Tomorrow – Part 2: Modern Day Hoaxes

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Pepsi, United, and Sean Spicer in a race to see who can be worst at PR

UPDATE: Special new United nasty message to full fare first class passenger.

Presented with little further commentary, tweets explaining why Pepsi, United Airlines, and the Trump administration have had a bad week in communicating with their publics:

It started with Pepsi and their tone-deaf ad using a #BlackLivesMatter march theme to sell Pepsi:

And a response to this ad from Martin Luther King Jr.’s daughter:

But then United Airlines got into the act:

And then in an amazing bit of bad timing by PRWeek US, dated March 16, 2017:

Here is PR Week’s response today to their amazingly bad call:

NEW TWEET: And the hits keep coming for United: Some great reporting from the LA Times.

And it was as if Sean Spicer, President Trump’s press secretary tried to say, “Hey, I can do better than either United or Pepsi by comparing Syria’s President Assad to Hitler:

The “hold my beer” meme seems to have taken total hold here.  Here’s one example:

And because you can never have enough variations of the “hold my beer” meme, here’s one last one:

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High School Journalism Students in Pittsburg, Kansas Take Down High School Principal With Questionable Credentials

Story about Pittsburg High School students is most read story on Washington Post web site Wednesday.Pittsburg, Kansas is not a city that shows up much in the national media. Before this week, there had only been about four mentions of the city in the Washington Post over the last decade.  One was when Pulitzer Prize-winning poet James Tate died in 2015. (Tate got his bachelor’s degree from Kansas State College there in 1965.) Before that, it was when Pittsburg State University wide receiver John Brown was drafted by the Arizona Cardinals in 2014. There were also brief mentions of the death of a judge who had been born there and the fact that an unnamed Fortune 500 CEO had been born there.

But on Wednesday the most-read story on The Washington Post’s web site was about a group of Pittsburg High School students who discovered through dogged journalistic research that their high schools newly hired principal had questionable educational credentials.  That story, reported in the school paper The Booster Redux on Friday, March 31, resulted in the new principal, Amy Robertson, resigning her post following a school board meeting on Tuesday evening of this week.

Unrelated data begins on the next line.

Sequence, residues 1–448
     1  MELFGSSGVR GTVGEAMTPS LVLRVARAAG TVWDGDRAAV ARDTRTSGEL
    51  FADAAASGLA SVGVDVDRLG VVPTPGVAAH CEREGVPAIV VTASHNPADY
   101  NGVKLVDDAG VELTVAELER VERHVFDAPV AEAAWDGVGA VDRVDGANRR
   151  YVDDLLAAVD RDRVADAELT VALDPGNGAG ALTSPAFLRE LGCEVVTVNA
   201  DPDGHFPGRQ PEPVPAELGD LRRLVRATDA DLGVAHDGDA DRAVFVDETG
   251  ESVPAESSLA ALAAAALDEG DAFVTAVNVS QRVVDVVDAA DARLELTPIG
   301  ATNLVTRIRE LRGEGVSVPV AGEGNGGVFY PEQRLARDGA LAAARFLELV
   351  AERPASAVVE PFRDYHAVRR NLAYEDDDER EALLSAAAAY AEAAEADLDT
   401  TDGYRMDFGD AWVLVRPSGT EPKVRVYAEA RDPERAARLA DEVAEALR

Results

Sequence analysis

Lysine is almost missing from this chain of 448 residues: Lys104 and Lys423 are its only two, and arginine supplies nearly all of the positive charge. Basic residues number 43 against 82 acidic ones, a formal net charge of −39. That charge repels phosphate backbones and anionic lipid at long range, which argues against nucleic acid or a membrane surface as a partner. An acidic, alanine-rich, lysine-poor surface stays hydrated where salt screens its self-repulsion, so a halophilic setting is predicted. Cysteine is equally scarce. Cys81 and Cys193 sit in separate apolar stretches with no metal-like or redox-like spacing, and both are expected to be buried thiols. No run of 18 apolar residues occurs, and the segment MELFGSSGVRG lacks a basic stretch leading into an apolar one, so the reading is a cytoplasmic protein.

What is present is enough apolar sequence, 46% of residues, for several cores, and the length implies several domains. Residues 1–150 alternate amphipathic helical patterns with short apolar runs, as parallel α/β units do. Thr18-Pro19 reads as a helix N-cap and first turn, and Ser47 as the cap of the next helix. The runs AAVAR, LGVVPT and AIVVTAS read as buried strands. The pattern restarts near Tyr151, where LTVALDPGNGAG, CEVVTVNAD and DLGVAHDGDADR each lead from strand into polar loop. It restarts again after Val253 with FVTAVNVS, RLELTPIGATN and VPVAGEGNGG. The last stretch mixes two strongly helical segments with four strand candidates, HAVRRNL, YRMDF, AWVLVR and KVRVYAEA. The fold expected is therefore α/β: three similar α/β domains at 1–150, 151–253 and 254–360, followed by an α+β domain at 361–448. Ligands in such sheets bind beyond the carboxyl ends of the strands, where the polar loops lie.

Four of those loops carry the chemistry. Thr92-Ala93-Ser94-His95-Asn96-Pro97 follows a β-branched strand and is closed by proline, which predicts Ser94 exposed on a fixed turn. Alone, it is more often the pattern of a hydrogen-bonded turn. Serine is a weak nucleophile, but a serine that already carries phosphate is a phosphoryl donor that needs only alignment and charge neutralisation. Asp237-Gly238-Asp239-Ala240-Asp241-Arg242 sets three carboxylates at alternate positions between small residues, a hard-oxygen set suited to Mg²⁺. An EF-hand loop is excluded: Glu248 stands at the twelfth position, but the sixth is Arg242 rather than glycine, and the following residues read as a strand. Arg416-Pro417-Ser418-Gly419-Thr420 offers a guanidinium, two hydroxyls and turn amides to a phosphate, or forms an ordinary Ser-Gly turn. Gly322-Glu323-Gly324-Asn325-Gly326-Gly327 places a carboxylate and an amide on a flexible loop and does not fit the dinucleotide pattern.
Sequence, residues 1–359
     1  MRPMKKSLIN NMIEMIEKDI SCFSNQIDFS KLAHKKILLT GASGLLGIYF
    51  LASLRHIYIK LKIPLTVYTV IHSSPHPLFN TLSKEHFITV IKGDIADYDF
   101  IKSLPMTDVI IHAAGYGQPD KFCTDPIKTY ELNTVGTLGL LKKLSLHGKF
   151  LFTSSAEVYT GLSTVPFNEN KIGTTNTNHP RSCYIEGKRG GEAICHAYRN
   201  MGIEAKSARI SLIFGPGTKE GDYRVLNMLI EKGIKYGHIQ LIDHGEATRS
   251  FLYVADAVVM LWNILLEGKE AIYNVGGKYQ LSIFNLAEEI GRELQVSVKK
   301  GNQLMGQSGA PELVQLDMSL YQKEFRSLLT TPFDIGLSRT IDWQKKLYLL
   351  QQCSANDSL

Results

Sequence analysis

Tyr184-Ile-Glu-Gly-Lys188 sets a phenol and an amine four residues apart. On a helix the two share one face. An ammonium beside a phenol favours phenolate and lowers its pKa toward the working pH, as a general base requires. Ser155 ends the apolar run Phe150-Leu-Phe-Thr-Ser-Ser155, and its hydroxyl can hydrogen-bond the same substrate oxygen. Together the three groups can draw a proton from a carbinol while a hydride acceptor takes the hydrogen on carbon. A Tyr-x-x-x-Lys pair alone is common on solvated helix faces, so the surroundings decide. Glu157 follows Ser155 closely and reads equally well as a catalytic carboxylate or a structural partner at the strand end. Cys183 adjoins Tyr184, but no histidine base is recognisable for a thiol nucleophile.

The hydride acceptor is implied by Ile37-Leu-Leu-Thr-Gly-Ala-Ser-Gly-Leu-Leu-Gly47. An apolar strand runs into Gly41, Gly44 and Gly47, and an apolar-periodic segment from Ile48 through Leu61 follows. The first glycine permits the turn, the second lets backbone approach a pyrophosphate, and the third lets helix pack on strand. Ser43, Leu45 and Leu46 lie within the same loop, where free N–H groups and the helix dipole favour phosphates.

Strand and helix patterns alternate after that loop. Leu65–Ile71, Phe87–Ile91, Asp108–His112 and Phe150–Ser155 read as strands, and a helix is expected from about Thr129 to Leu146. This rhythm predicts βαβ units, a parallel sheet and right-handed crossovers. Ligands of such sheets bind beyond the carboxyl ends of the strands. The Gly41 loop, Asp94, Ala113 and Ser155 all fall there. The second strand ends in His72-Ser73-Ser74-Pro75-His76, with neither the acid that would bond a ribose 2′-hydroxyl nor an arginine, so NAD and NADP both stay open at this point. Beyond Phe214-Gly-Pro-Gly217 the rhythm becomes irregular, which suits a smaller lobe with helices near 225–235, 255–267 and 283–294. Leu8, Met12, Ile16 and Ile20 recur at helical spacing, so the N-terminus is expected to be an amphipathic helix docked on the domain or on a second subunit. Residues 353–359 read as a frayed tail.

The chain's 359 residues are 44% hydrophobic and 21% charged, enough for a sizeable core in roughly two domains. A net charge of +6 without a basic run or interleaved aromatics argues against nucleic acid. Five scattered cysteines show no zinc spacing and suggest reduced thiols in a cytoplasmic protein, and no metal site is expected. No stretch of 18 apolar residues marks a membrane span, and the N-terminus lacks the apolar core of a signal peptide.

Seventeen-year-old Connor Balthazar told the Washington Post that “There were some things that just didn’t quite add up,” about things Robertson. Reporting on the story was done by a team of six high school students.   In their story, the students wrote:

“The Booster Redux Staff typically introduces each new administrator at PHS with a news story. During the interview process with Robertson, the Booster staff found inconsistencies in Robertson’s credentials. The staff presented these concerns to Pittsburg Community School superintendent Destry Brown, who encouraged the Booster reporters to reach out to Robertson.

“On March 16, the Booster staff held a conference call with the incoming principal. Booster adviser Emily Smith and Brown were also present. During the call, Robertson presented incomplete answers, conflicting dates and inconsistencies in her responses.

“After the conference call interview, the staff conducted further research online by phone interview to confirm her credentials. These are the findings.”

And what a set of findings they were:

  • Robertson claimed to have a master’s degree and Ph.D from Corllins University in Stockton, California.
  • But the students’ research showed no signs in property records that there had ever been a university by that name in Stockton, no U.S. Department of education records documenting the university, no sign of an active web site of the university, and an online article that referred to Corllins University as a diploma mill.